Oregon senators decry blockage of women's health bill
Oregon's Democratic U.S. senators criticized a vote by Republicans to block legislation to guarantee women's reproductive rights and safeguard the ability of health care providers to perform abortions.
The Senate vote Monday, Feb. 28, was 46 in favor and 48 against, far short of the 60 required to cut off debate on legislation (HR 3755) that the House passed on Sept. 24. Ron Wyden and Jeff Merkley voted with all but one Democrat to end debate. Joe Manchin of West Virginia joined 47 Republicans against cutting off debate. Three Democrats and three Republicans were absent.
The House passed the bill last fall mostly along party lines — 218 Democrats for, and 210 Republicans and one Democrat against. It would have written into federal law the 1973 Supreme Court decision establishing abortion rights; a majority of the current court may be poised to overrule Roe v. Wade.
Oregon's five House members split 4-1 along party lines to pass the bill.
The Oregon Legislature has passed several state bills to guarantee access to abortion.
Wyden's comment after the vote:
"By failing to pass the Women's Health Protection Act, the Senate has decided that the government should come between a woman and her doctor. Roe v. Wade was decided almost 50 years ago, and yet in too many states, reproductive freedom is under attack. Today the Senate had the opportunity to cement the right to an abortion into in federal law so that every American can access an essential service to control their bodies and their futures. I will keep fighting for access to safe, legal abortion, which is a critical part of health care."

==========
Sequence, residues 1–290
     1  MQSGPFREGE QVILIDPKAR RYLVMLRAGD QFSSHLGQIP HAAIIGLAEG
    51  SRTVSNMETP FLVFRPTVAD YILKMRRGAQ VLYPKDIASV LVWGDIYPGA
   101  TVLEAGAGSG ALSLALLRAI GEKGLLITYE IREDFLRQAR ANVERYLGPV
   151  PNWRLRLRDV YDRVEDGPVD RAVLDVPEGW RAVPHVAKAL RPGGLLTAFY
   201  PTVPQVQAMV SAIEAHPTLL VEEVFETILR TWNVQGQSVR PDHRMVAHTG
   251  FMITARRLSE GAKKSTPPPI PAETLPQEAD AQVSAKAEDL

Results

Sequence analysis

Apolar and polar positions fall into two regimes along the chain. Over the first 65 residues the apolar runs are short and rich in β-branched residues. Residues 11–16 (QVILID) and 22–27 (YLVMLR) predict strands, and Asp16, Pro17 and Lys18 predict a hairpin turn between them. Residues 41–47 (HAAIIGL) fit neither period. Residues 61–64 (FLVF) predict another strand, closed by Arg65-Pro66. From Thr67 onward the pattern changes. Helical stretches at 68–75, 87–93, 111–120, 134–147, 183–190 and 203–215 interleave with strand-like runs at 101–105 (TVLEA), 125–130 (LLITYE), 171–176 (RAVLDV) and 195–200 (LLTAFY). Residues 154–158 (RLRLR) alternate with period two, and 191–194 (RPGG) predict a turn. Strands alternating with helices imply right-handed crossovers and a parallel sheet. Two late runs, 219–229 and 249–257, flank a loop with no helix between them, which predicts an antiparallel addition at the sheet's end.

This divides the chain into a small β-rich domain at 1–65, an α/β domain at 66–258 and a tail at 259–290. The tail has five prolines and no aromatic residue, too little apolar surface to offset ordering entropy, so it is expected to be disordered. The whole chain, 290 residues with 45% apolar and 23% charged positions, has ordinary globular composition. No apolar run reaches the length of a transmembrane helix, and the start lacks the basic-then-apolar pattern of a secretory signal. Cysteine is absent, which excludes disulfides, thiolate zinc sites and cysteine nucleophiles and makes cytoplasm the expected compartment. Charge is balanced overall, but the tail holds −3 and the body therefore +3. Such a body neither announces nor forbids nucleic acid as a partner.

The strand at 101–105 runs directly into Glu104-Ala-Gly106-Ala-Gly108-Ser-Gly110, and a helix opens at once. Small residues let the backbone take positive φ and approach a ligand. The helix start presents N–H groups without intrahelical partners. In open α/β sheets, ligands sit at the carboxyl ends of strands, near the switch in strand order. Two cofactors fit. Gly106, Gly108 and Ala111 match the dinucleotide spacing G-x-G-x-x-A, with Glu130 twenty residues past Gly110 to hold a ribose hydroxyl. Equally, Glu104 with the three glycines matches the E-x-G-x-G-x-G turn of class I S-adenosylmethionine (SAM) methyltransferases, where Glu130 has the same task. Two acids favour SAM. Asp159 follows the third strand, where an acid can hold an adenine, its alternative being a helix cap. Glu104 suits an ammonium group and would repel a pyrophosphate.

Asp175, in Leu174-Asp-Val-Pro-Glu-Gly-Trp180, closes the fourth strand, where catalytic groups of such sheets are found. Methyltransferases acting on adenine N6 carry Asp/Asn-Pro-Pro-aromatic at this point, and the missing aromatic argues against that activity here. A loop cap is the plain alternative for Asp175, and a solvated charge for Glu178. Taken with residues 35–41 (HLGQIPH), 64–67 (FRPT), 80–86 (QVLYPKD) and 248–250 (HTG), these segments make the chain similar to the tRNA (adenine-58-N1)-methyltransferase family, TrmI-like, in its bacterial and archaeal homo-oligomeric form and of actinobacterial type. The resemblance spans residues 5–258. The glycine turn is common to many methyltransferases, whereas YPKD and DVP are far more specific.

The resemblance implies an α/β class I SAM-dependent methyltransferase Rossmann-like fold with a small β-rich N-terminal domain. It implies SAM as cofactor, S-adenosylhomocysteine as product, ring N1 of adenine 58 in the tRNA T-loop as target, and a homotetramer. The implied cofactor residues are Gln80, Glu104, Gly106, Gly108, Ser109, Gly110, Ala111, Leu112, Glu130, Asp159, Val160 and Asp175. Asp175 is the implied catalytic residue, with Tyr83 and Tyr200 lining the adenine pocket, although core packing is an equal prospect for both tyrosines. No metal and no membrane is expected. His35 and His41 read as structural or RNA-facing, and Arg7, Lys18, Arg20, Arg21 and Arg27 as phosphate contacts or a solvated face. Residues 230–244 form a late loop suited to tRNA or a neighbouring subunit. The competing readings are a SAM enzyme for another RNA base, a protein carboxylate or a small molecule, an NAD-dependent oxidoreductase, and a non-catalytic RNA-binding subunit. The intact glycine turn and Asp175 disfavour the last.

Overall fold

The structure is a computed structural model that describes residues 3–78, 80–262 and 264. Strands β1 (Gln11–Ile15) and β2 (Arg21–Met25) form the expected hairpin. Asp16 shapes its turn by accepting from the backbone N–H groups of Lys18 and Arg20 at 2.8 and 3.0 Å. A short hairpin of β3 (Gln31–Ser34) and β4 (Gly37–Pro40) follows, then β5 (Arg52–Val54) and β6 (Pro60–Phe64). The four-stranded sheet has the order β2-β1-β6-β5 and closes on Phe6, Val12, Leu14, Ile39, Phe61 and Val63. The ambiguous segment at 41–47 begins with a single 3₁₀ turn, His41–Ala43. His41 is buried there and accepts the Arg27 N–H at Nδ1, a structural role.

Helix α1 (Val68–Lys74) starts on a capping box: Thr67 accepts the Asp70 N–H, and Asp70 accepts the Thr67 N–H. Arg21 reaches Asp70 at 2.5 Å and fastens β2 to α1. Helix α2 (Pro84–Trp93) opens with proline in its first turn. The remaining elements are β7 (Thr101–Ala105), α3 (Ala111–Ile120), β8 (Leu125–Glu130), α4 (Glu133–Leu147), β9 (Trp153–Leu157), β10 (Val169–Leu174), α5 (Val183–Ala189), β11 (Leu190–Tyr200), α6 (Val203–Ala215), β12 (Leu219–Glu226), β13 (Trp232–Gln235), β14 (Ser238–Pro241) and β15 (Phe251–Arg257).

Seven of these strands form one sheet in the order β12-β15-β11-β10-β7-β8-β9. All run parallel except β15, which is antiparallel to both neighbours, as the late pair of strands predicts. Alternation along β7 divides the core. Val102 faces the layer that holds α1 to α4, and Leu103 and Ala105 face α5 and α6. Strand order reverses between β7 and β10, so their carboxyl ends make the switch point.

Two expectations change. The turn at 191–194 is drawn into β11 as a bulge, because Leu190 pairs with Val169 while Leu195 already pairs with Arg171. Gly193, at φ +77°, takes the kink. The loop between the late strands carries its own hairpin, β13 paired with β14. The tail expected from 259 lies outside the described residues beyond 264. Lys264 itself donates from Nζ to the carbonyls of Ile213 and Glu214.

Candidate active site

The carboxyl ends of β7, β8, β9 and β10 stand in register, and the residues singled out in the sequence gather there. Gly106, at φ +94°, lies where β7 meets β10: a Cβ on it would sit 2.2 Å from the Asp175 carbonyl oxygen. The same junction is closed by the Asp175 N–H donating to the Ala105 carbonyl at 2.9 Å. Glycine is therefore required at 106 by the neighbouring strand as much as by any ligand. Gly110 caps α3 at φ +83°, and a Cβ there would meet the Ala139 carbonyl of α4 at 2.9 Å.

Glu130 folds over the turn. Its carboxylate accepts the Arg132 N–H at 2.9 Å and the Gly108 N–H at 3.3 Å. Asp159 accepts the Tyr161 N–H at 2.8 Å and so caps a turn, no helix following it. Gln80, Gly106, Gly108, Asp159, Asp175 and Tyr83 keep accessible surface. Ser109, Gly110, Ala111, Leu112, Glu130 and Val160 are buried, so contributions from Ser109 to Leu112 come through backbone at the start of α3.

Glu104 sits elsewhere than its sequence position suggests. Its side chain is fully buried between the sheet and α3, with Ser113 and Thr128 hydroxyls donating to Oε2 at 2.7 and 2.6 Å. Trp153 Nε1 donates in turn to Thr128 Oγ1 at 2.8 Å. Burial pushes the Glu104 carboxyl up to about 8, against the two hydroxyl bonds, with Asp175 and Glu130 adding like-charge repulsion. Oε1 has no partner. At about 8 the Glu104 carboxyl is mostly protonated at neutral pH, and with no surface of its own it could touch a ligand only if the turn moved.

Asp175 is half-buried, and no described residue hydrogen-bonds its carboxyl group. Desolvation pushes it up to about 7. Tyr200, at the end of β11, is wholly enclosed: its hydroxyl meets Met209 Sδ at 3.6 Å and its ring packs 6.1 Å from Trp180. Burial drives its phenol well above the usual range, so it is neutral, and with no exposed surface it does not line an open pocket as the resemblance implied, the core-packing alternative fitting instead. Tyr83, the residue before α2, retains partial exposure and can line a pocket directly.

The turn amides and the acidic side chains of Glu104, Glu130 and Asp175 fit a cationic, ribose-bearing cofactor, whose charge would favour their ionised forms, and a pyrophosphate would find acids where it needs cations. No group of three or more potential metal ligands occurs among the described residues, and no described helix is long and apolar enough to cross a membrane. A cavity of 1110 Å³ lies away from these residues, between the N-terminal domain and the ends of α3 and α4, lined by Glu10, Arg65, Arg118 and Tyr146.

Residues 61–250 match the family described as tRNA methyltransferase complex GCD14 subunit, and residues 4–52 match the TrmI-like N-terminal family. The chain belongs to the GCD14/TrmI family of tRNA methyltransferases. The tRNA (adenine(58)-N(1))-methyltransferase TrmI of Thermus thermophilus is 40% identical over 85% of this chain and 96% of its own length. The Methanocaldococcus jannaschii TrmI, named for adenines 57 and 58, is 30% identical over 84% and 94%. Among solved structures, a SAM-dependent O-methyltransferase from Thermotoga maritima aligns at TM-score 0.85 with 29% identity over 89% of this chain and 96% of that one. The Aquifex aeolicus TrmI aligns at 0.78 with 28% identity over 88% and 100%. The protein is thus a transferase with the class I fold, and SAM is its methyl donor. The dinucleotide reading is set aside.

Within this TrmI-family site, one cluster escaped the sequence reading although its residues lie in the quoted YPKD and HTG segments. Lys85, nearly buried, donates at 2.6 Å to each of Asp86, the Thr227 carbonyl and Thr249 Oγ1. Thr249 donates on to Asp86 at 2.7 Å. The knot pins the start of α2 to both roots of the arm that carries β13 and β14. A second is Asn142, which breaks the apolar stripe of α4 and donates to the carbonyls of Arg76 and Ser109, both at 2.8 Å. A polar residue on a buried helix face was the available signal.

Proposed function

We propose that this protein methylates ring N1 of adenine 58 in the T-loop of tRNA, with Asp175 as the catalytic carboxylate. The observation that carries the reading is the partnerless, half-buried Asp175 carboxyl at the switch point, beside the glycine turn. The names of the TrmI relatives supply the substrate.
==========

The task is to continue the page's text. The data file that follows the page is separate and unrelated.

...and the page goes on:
"The freedom to be in control of your own body is an essential freedom. I believe in a society where everyone — regardless of the color of their skin, gender, ZIP code, or income — has the same right to high-quality health care. Here in America, everyone should have the same right to make medical decisions about their own body, and to access the care they need — including reproductive care — free from political interference. It is crucial that medical decisions are made by individuals and whomever they may choose to consult — not by extremist politicians.
"With Roe v. Wade under assault from the Supreme Court, passing the Women's Health Protection Act is an urgent and necessary step forward in our fight to protect Americans' reproductive freedoms. Unfortunately, today, Republicans in the Senate blocked debate and decided they, and state politicians, should be the ones to make Americans' health care decisions.
"Today's vote is not the end of our fight. I will continue to work at this until we successfully protect access to the full scope of reproductive health care."
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